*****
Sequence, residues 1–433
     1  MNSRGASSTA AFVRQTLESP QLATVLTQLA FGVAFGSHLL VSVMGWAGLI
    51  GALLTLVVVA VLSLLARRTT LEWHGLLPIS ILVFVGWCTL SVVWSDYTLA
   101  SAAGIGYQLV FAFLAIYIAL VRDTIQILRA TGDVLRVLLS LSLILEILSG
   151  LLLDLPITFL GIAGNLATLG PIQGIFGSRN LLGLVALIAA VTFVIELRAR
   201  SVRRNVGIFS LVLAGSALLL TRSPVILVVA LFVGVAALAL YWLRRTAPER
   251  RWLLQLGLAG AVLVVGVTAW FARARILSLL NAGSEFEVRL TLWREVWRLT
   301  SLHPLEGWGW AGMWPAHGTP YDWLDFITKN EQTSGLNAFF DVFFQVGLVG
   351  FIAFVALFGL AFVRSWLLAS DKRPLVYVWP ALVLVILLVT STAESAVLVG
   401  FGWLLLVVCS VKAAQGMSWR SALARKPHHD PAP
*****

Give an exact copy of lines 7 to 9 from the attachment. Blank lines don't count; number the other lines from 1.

   251  RWLLQLGLAG AVLVVGVTAW FARARILSLL NAGSEFEVRL TLWREVWRLT
   301  SLHPLEGWGW AGMWPAHGTP YDWLDFITKN EQTSGLNAFF DVFFQVGLVG
   351  FIAFVALFGL AFVRSWLLAS DKRPLVYVWP ALVLVILLVT STAESAVLVG